Friday, October 28, 2011

Is SPML Really Dead?

Over the past year or two, there has been an intense debate in the IAM community about the future viability of SPML. This began with a blog post by Burton Group's Mark Diodati in February 2010, in which he offered a bearish perspective on the poorly adopted provisioning standard.

I agree with many of the points Mark raised. Yes, SPML is too complex in its current incarnation. In trying to offer a broad range of functionality and account for every conceivable provisioning scenario, it often ends up accomplishing quite the opposite. Accordingly, SPML implementations tend to be extremely product specific, which defeats the entire purpose of a common standard in the first place. He is also correct that SPML implementations often cause performance issues due to the burden they place on connectors, although I would argue that this is less attributable to the standard itself than to how SPML has been implemented by provisioning vendors. And I completely agree with his assertion that enhancing the standard with a common inetorgperson-like user schema such as "SPMLPerson" would not only promote greater convergence with SAML, but would lead to increased adoption in the enterprise.

With that said, SPML works extremely well when implementations avoid connector-heavy and product-specific customizations (I'll come back to that shortly). In my opinion, the lack of SPML adoption isn't just because the standard itself is deficient, but because nobody has quite figured out the best way to implement SPML interfaces.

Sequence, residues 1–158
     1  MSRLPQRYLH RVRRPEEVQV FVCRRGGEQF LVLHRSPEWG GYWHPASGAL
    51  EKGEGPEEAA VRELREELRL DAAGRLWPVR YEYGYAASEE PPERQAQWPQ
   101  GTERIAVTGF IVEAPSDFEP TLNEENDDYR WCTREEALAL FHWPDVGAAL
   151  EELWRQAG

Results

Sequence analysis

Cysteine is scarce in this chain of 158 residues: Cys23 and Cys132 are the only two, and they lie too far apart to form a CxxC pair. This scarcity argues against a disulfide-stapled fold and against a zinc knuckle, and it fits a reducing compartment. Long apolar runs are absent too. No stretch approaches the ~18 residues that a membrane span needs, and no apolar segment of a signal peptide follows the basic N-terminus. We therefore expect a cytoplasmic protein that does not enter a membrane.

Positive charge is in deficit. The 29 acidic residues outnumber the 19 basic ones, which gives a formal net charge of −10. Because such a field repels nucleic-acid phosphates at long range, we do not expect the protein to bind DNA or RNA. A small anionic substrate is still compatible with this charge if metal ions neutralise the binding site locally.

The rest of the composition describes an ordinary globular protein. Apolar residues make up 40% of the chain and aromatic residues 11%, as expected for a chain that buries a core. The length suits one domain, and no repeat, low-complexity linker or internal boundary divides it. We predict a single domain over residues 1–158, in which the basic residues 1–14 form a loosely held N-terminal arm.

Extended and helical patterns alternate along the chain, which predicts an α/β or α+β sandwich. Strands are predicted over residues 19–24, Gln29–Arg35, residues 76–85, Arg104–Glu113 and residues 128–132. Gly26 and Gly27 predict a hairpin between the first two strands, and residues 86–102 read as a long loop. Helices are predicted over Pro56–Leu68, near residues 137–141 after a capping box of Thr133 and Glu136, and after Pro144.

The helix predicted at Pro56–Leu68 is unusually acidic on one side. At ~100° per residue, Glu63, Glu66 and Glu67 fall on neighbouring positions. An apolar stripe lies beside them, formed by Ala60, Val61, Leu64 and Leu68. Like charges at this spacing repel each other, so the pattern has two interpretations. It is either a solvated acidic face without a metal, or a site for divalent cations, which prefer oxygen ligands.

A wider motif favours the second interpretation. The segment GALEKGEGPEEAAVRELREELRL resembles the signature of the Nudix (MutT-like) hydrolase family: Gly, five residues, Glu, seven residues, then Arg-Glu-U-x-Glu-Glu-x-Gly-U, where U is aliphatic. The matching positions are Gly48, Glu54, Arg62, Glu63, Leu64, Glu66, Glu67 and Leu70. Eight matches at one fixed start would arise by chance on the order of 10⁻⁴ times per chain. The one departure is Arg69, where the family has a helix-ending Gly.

The most common use case I've encountered for SPML is when a customer wants to integrate their own proprietary UI with a commercial provisioning system. For instance, one of my customers has a sophisticated, AJAX-enabled access request portal built in .NET. It provides all the workflow functionality that one would expect to find in a commercial provisioning system, but was designed simply to manage requests and approvals rather than to automate provisioning. The customer had acquired Sun Identity Manager for provisioning automation, but didn't want to replace their elaborate, business friendly .NET interface with SIM's antiquated UI (and who can blame them?) In this particular instance, SPML was the obvious solution. The .NET application was modified to simply fire off SPML requests to SIM on the backend, thus automating provisioning actions while protecting end users from any visible impact.

In scenarios such as this, where a homegrown access request portal needs to integrate with a provisioning system, SPML works like a charm. But let's face it, this scenario doesn't require SPML specifically. In the use case I just described, Sun Identity Manager could have exposed any old SOAP or REST interface, and the integration would have been exactly the same, providing that the interface exposed the requisite methods.

The true value of a standard such as SPML is realized when providing interoperability with enterprise or cloud applications, and this is where SPML has unequivocally failed to deliver.